An initial small business credit card application is based on the owner’s personal credit. It will be evaluated using income and credit score. Small business owners with poor credit should work to improve their score before applying for a business card.

Applicants should include their business revenue and personal income on the first application since their personal credit serves to initially back up the business credit.

Lenders don’t require small business owners to have a personal credit card to get approved. If personal credit is good with verifiable revenue or income, chances for getting a credit card are good. Use of a business credit card is mutually beneficial. Most banks welcome new business owners in order to help them grow into larger companies that will need to borrow more money down the road. 

Credit Rating Boost

There are many other reasons small companies use business credit cards. In addition to serving as a more effective way to manage finances, a credit card is a means to conserve cash reserves while still remaining in a position to buy equipment and other business necessities. Additionally, annual fees for business credit cards are typically nominal.

Here are some business credit card options that can help increase your credit score rating, plus offer welcome bonus points and membership rewards!

Just like personal credit cards, achieving success with credit cards for small businesses depends upon using them responsibly. Best use practices result in a credit score increase at a faster pace than with a personal credit card. Timely payments, preferably the entire balance or more than the minimum each month, demonstrates responsible credit use to lenders. Small business owners should do business with suppliers that report business transactions to credit bureaus to add credit score points.

Business Card Perks

Business credit cards offer plenty of incentives to customers who use them. Most perks are business related, such as business supply outlet discounts and business travel. They also offer cash back and points just like personal credit cards. Some of the latest customer rewards used to entice small business owners to use credit cards includes:

  • Discounted and free airline tickets and hotel stays
  • Sign-up bonuses worth $1,000 or more
  • Higher purchase protection limits with expensive company purchases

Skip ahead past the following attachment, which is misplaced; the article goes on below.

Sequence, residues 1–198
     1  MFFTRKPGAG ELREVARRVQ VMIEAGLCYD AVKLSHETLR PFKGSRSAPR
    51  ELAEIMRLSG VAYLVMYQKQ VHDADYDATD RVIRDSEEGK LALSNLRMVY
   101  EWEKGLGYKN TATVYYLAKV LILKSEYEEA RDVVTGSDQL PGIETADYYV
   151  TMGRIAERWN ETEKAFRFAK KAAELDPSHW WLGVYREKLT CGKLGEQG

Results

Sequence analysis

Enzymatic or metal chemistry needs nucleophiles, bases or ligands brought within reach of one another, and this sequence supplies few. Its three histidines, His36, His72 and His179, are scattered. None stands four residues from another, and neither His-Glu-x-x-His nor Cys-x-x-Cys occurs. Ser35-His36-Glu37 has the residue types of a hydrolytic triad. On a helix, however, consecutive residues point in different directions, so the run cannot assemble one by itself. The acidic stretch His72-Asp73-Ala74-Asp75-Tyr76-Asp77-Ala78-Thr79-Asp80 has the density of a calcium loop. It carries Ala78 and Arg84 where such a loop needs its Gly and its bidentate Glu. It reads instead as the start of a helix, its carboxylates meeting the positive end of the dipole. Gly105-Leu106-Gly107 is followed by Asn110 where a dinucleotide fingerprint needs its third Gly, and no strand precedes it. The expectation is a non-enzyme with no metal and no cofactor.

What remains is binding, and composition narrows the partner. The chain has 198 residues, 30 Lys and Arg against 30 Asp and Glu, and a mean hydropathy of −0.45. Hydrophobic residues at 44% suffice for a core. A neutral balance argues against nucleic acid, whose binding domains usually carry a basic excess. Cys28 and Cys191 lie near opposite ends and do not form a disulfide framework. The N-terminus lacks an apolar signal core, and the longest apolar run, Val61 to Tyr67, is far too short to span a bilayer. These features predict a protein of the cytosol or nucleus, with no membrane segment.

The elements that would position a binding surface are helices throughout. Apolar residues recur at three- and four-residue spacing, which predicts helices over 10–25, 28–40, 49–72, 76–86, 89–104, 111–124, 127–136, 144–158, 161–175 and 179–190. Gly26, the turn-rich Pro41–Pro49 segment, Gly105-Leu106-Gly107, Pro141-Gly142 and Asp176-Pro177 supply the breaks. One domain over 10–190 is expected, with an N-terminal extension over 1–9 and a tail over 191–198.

• Rewards for paying for advertising using the card
  • Free cell phone insurance if phone bill is paid with the card

Another advantage of having a business credit card is that the amount charged does not become a part of the owner’s personal credit. After the initial credit inquiry, any big balances on the business card don’t affect the personal credit utilization ratio on the personal credit report.

Of greatest importance in the use of any type of credit is how the card is used. Credit cards issued to small businesses should be managed carefully. Consequences including late fees, penalties, and negative credit reporting occur with misuse. Like personal credit cards, it is best to avoid cash advances because of the high interest and fees charged. Limiting the business to a few cards is a good practice in order to reduce extra credit inquires and high debt.

Small business owners just starting out may think a company credit card is unnecessary. But even new companies can receive benefits and perks, along with expense management, to help the business to grow. Over time, building good business credit becomes a calling card to opportunities that produce the leverage needed to advance a small business into a thriving empire.

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Sheila Kay

Sheila Kay is an author, ghostwriter and editor residing in the Atlanta, GA area. Among her favorite writing genres are creative nonfiction, self-improvement, and finances. Her first published book, PTSD and the Undefeated Me, is a memoir which has been a stepping stone to her involvement with mental health advocacy for military and civilian men and women. She is currently working on the first fiction novel to be published under her name. For more information or to purchase her books, visit Sheila’s Author Page on